The 50/30/20 Budgeting Template
The 50/30/20 rule is a simple and effective method for managing your finances and achieving your financial goals.
What is the 50/30/20 rule?
The 50/30/20 rule is a money-saving method that involves allocating certain percentages of your net monthly income to the following three categories: 50% for basic necessities, 30% for disposable income, and 20% for savings and debt payments. It’s an effective way to balance your income, manage your finances, generate savings, avoid wasting money, and reach your financial goals.
Why use the 50/30/20 rule?
Using the 50/30/20 rule as a money-saving method doesn’t mean you must stop enjoying life. Instead, it helps you be smart with your money and identify areas of your monthly budget that can be reduced or eliminated. This way, you can do without non-essential expenses, have savings to fall back on if something unexpected happens, or pay off your debts.
Who came up with the 50/30/20 rule?
The rule was created by Elizabeth Warren, an insolvency expert at Harvard University, and her daughter Amelia as a simple and accessible method for taking control of your finances. It doesn’t require following a complex budget or having a background in economics. Anyone can follow the 50/30/20 rule to build a good level of savings.
How to budget with the 50/30/20 rule
Budgeting is made simple with the 50/30/20 rule, which splits your after-tax income into three categories: needs, wants, and savings or debts.
Spend 50% of your money on needs
To follow this budget, 50% of your after-tax income should be spent on your needs. Needs are payments for essential expenses that are difficult to live without, including monthly rent, electricity and gas bills, transportation, insurance (for healthcare, car, or pets), minimum loan repayments, and basic groceries. For example, if your monthly after-tax income is €2000, €1000 should be allocated to your needs.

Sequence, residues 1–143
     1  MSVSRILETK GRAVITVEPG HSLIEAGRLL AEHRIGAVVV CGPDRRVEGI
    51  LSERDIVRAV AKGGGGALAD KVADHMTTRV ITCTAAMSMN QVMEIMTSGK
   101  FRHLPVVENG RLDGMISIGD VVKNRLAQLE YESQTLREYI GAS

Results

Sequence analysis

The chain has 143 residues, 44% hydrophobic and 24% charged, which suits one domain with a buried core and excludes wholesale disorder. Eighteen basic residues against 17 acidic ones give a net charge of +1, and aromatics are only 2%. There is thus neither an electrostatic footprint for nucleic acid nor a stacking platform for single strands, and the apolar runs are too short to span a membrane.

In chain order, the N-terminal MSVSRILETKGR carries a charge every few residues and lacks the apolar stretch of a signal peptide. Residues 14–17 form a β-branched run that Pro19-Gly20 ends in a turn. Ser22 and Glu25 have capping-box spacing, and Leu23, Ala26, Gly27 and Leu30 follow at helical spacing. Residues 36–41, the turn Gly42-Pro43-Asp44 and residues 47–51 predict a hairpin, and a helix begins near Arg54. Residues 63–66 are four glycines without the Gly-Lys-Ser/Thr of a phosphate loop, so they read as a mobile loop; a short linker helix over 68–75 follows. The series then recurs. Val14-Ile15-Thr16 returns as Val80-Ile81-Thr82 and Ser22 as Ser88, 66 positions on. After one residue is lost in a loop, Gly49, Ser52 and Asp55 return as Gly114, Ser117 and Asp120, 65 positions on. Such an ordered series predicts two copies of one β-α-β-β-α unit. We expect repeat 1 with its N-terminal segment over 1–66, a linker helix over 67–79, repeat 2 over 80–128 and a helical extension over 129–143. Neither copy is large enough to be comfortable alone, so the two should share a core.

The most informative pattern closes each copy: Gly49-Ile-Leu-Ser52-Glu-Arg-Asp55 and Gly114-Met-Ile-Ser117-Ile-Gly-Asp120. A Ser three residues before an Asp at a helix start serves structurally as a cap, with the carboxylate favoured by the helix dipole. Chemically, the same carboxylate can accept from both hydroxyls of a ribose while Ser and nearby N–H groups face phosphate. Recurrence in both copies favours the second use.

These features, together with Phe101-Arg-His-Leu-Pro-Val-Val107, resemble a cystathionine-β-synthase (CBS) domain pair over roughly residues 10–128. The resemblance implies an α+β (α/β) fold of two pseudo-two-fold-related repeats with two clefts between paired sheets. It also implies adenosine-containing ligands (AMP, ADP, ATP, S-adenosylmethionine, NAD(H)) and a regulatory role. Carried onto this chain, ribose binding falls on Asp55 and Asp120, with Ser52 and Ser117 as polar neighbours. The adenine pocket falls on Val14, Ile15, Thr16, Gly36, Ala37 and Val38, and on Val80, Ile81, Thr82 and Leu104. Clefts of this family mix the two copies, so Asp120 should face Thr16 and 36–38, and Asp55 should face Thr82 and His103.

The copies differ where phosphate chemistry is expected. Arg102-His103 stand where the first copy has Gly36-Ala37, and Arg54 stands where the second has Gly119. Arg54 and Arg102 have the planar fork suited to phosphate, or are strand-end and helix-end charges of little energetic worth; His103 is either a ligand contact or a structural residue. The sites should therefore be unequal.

Spend 30% of your money on wants
30% of your after-tax income can be used for your wants. Wants are non-essential expenses, such as dining out, clothes shopping, holidays, gym memberships, entertainment subscriptions (Netflix, HBO, Amazon Prime), and groceries (other than the essentials). Using the same example, if your monthly after-tax income is €2000, you can spend €600 for your wants.
Stash 20% of your money for savings
20% of your monthly income should be saved to achieve your savings goals or pay back any outstanding debts. Consistently putting aside 20% of your pay each month can help you build a better savings plan. For example, if you bring home €2000 after tax each month, you could put €400 towards your savings goals. In just a year, you’ll have saved close to €5000!
Following the 50/30/20 rule doesn’t mean not being able to enjoy your life. It simply means being more conscious about your money by finding areas in your budget where you’re needlessly overspending. If you’re confused about whether something is a need or a want, simply ask yourself, “Could I live without this?” If the answer is yes, that’s probably a want.